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NTFS compared to FAT and FAT32

Applies To: Windows Server 2003, Windows Server 2003 R2, Windows Server 2003 with SP1, Windows Server 2003 with SP2

NTFS compared to FAT and FAT32

NTFS has always been a more powerful file system than FAT and FAT32. Windows 2000, Windows XP, and the Windows Server 2003 family include a new version of NTFS, with support for a variety of features including Active Directory, which is needed for domains, user accounts, and other important security features. For more details about features in NTFS, see NTFS.

FAT and FAT32 are similar to each other, except that FAT32 is designed for larger disks than FAT. The file system that works most easily with large disks is NTFS.

The following table describes the compatibility of each file system with various operating systems.


  • File system choices have no effect on access to files across the network. For example, using NTFS on all partitions on a server does not affect clients connecting across a network to shared folders or shared files on that server, even if those clients run an earlier operating system such as Windows 98 or Windows NT.

A computer running Windows 2000, Windows XP, or a product in the Windows Server 2003 family can access files on a local NTFS partition. A computer running Windows NT 4.0 with Service Pack 5 or later might be able to access some files. Other operating systems allow no local access.

Access to files on a local partition is available through MS-DOS, all versions of Windows, and OS/2.

Access to files on a local partition is available only through Windows 95 OSR2, Windows 98, Windows Millennium Edition, Windows 2000, Windows XP, and products in the Windows Server 2003 family.

The following table compares disk and file sizes possible with each file system.


Recommended minimum volume size is approximately 10 MB.

Maximum volume and partition sizes start at 2 terabytes (TB) and range upward. For example, a dynamic disk formatted with a standard allocation unit size (4 KB) can have partitions of 16 TB minus 4 KB. For more information about maximum volume and partition sizes, see the Windows Server 2003 Resource Kit, Server Management Guide at the Microsoft Windows Resource Kits Web site.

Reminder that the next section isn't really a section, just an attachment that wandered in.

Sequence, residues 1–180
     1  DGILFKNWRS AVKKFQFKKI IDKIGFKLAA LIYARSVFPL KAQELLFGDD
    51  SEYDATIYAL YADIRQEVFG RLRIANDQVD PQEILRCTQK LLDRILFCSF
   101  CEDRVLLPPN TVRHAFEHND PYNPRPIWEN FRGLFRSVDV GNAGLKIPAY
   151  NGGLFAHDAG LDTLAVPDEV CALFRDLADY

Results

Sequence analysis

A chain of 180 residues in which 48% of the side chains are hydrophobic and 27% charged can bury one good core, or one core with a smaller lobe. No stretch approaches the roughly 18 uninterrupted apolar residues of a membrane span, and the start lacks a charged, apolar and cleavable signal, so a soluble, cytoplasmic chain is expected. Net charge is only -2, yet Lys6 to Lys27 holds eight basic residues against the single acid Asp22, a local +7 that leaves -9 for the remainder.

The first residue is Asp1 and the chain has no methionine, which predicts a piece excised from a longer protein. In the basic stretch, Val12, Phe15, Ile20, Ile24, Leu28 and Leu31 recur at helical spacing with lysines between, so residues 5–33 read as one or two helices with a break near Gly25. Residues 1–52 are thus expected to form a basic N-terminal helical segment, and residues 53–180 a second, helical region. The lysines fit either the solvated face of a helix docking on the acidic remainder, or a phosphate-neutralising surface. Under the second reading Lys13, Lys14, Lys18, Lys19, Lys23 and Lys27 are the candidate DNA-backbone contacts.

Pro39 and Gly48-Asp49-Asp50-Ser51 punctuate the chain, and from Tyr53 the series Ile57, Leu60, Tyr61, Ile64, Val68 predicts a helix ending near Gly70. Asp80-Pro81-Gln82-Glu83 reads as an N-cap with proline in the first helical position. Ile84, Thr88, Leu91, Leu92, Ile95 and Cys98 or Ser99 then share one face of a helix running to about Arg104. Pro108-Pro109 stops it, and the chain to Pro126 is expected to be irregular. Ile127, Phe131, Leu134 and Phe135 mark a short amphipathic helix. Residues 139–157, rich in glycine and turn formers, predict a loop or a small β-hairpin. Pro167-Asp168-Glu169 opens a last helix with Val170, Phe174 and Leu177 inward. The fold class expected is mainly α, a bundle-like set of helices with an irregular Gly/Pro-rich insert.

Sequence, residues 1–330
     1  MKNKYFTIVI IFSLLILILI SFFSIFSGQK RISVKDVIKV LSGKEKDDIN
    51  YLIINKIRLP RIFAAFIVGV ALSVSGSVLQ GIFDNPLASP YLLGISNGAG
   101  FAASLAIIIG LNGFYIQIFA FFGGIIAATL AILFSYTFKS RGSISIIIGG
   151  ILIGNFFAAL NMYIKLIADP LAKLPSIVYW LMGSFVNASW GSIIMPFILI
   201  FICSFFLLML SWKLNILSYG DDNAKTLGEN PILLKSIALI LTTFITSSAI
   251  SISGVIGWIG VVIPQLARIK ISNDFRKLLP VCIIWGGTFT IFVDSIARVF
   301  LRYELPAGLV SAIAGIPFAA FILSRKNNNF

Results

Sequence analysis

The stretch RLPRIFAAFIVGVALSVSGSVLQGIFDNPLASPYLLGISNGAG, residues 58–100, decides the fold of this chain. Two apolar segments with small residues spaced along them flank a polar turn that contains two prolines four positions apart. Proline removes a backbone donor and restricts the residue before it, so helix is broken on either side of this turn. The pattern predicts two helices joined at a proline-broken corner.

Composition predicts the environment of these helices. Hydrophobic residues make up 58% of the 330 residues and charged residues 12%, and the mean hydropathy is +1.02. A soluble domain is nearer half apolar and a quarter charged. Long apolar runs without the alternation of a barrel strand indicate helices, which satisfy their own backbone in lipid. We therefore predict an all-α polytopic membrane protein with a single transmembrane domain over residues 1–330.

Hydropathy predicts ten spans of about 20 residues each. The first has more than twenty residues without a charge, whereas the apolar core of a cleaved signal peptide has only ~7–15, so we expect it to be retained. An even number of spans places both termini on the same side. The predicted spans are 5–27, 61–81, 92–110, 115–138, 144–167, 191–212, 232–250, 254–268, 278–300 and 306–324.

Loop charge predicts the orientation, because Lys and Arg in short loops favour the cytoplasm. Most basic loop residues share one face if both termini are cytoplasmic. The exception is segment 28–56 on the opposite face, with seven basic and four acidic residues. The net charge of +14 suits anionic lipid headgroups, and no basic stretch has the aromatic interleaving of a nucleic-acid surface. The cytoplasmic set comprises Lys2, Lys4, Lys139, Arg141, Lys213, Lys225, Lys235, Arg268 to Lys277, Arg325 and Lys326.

Cannot be used on floppy disks.

Volumes from floppy disk size up to 4 GB.

Does not support domains.

Volumes from 33 MB to 2 TB can be written to or read using products in the Windows Server 2003 family.

Volumes up to 32 GB can be formatted as FAT32 using products in the Windows Server 2003 family.

Does not support domains.

Maximum file size is potentially 16 TB minus 64 KB, although files cannot be larger than the volume or partition they are located on.

Maximum file size is 2 GB.

Maximum file size is 4 GB.


On Itanium-based computers with more than one disk, on x64-based computers, and on x86-based computers running Windows Server 2003 with Service Pack 1 (SP1), you can choose not only the sizes of partitions but the partition style for each disk. The partition style determines the way that information about the partition is stored. There are two partition styles: master boot record (MBR) and GUID partition table (GPT). On GPT disks, unlike MBR disks, data critical to platform operation is located in partitions instead of unpartitioned or hidden sectors. In addition, GPT disks have redundant primary and backup partition tables for improved partition data structure integrity.

On Itanium-based computers, you must install Windows XP 64-bit Edition (Itanium) or the Itanium-based versions of Windows Server 2003, Enterprise Edition, and Windows Server 2003, Datacenter Edition, on a GPT disk. On x86-based and x64-based computers running Windows Server 2003, you must install the operating system on an MBR disk. Other disks can use either the MBR or GPT partition style. With GPT disks, you can create more partitions and larger volumes and can take advantage of other benefits.

For more information about GPT disks, see GUID partition table. For more information about MBR and GPT partition styles, see Partition styles. For information about obtaining the Windows Server 2003 Resource Kit, see Using the Windows Deployment and Resource Kits.